I spoke at this year’s National Day Observance Ceremony on 15 August at NTU. It was a timely occasion for me to share my thoughts on what it means to be Singaporean and how NTU can contribute to Singapore’s future.
Punching above our weight
Last Saturday was a historic day for Singapore and the world as Singaporeans erupted in joy and pride when 21-year-old Joseph Schooling took home the nation’s first Olympic gold medal. It certainly felt like we had all won the gold ourselves! Continue reading
“Not the fluffy, cotton-wool, snoozy kind of dreams. Big dreams. Bold dreams. Beautiful dreams. Dreams that will change the world.”
This was how Chris Anderson, TED Curator, sparked our imagination as a prelude to the TED2016 Conference. For five days and evenings in February, TEDsters from all over the world converged on Vancouver for the now legendary annual conference often described as the ultimate “brain spa”. With over 80 speakers and performers and more than 1,200 participants, the week was bursting with inspiration, imagination and ignition, and it did not disappoint! Continue reading
I am very proud of our new learning hub, The Hive, and at its official opening last week, I shared in a speech my thoughts on why it is not just an eye-catching building but will soon become an icon of the future of learning.
Not your regular modular building stacked up like Lego bricks, it redefines university buildings with its unusual shape and use of space for learning in the 21st century.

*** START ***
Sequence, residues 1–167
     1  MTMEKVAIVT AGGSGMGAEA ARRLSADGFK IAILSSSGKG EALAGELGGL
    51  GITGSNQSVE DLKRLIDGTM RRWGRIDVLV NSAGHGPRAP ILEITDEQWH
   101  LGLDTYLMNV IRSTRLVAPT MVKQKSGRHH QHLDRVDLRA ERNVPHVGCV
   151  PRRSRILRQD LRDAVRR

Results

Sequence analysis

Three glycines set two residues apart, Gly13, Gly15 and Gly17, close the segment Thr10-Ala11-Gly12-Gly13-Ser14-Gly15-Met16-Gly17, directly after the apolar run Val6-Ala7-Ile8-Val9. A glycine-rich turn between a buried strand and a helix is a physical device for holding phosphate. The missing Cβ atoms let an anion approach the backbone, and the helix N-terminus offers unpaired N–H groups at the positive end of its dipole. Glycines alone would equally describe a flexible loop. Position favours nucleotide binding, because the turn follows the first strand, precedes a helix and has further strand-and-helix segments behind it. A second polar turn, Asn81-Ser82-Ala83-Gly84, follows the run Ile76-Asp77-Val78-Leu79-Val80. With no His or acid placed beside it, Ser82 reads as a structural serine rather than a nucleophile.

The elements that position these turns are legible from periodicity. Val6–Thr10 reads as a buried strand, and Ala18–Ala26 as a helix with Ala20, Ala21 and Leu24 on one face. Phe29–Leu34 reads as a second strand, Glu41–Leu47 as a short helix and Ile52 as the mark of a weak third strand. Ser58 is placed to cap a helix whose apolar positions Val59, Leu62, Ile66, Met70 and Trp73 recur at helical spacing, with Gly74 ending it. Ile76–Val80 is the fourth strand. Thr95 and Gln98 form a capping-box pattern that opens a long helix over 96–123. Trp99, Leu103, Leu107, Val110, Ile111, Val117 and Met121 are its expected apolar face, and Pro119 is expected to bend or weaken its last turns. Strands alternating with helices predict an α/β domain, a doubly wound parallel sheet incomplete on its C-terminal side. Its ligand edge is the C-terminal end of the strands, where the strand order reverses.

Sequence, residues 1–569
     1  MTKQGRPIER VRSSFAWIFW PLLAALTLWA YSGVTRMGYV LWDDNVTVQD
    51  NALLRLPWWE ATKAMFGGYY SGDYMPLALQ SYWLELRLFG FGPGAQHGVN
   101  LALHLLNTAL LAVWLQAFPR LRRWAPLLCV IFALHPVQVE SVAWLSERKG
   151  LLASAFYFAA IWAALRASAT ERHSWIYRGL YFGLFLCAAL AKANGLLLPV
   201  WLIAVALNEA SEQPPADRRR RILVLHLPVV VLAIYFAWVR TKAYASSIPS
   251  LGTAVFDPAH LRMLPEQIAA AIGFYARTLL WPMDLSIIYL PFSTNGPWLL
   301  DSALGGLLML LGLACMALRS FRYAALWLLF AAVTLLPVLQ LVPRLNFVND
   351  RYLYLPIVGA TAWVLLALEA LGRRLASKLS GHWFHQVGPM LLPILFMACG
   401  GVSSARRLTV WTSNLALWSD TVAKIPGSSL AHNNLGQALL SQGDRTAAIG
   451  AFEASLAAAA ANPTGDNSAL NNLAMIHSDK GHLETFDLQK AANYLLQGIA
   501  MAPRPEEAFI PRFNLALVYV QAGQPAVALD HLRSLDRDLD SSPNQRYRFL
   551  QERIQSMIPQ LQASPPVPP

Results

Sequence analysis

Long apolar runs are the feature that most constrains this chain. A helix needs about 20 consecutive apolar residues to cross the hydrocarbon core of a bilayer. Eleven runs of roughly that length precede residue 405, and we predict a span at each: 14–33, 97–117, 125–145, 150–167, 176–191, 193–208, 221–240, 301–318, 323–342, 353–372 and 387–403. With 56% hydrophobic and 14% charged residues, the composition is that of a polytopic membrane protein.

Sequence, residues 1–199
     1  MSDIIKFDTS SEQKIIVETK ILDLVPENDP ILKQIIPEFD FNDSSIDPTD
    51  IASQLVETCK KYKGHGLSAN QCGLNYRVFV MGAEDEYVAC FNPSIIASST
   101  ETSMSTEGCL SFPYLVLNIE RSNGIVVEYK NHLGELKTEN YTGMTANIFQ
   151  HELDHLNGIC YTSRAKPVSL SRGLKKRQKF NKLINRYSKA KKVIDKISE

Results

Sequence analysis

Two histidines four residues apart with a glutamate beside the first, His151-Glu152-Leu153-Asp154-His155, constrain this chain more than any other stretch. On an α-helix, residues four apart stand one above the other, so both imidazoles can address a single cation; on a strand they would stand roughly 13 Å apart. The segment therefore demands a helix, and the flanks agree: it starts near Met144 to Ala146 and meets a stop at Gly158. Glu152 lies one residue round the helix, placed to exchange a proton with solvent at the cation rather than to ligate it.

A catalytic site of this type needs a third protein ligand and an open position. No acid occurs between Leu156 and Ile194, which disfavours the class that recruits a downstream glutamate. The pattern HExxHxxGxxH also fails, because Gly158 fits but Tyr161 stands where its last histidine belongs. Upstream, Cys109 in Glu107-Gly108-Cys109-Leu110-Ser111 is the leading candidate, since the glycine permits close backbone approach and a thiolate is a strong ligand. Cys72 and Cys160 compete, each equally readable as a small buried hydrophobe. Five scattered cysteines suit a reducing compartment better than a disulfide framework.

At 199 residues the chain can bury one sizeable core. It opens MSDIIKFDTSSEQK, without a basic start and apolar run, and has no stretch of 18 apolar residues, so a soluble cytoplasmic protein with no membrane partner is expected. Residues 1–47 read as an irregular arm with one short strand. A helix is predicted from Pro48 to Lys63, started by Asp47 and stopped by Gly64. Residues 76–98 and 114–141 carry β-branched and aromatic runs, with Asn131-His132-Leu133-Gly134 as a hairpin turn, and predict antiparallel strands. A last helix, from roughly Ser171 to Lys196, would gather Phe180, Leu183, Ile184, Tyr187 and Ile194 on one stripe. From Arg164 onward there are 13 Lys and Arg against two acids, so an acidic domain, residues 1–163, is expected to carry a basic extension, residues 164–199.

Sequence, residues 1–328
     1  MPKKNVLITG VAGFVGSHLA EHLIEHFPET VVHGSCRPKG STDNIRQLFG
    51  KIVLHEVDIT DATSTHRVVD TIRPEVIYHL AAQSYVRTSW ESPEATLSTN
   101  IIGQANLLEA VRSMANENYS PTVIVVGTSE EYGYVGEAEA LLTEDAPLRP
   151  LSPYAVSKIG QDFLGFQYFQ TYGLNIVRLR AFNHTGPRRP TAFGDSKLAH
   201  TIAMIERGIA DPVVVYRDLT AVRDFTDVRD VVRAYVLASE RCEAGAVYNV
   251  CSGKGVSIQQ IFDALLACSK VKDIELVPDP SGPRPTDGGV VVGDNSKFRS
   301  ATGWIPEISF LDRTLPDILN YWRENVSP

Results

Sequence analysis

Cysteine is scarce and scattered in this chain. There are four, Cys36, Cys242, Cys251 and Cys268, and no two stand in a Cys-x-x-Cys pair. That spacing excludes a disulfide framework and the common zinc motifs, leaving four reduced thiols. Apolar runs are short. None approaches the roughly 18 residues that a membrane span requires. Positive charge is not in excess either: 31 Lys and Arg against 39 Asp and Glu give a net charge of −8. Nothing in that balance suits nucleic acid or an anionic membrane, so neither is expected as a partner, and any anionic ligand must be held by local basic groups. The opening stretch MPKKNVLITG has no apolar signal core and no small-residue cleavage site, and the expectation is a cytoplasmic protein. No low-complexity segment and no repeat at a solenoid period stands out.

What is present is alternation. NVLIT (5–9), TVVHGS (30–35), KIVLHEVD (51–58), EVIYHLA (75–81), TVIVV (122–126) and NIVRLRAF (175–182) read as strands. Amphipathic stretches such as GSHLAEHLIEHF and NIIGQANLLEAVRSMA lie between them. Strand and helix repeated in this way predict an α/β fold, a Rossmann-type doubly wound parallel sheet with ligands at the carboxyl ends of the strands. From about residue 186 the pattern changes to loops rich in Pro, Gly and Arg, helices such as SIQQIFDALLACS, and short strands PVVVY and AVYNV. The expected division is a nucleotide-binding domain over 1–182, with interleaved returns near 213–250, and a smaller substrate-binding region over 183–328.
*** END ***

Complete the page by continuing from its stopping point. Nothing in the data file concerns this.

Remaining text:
As an undergraduate at NTU, I have found that critical thinking is encouraged in classroom discussions. In theory, the goal of critical thinking can be said to make you a devil’s advocate. No opinion or argument is flawless; you can and will, seemingly for its own sake, find fault with anything a person says. Of course, this sounds like a surefire way to gain unpopularity.
However, by moulding you into an independent thinker, critical thinking brings benefits that far outweigh its initial drawbacks.
Here are three reasons why critical thinking matters: Continue reading
No words can express the gratitude I felt at the funeral service for Singapore’s first Prime Minister today. In his death as it was in his life, he brought all of Singapore together – One Singapore. I think I speak for all Singaporeans when I say that it felt like I had lost a father. Mr Lee Kuan Yew was indeed a father – of our homeland, Singapore.
I felt the same depth of feeling as I did speaking at the memorial ceremony NTU held last week to honour his life and legacy where I said that Singapore will be forever synonymous with Mr Lee Kuan Yew. From the early days when he first won his electoral seat in Tanjong Pagar in 1955, to the day he went into intensive care in February 2015, Mr Lee had dedicated his whole life to building the Singapore that we know today. He made this city state for today. He also spent his whole lifetime reshaping and refining the nation for tomorrow. Truly, like many Singaporeans, my family, my children and my grandchildren owe a debt of gratitude to Mr Lee. Not just for what we have today, but also for what we can have tomorrow.
The Singapore that was 50 years ago did not have land, did not have water, did not have industry, did not have decent education, nor good health, nor military security, nor racial and religious harmony. The secret societies collected their dues in Chinatown, Geylang, Jalan Besar, Lorong Tai Seng, Red Hill and many more places. Pirate taxis roamed the streets and illegal hawkers sold food that passed on diseases. That was the Singapore I was born into as a child. We were shamefully kicked out of one country and forced to become a country in a time and in a region that could not be worse. Continue reading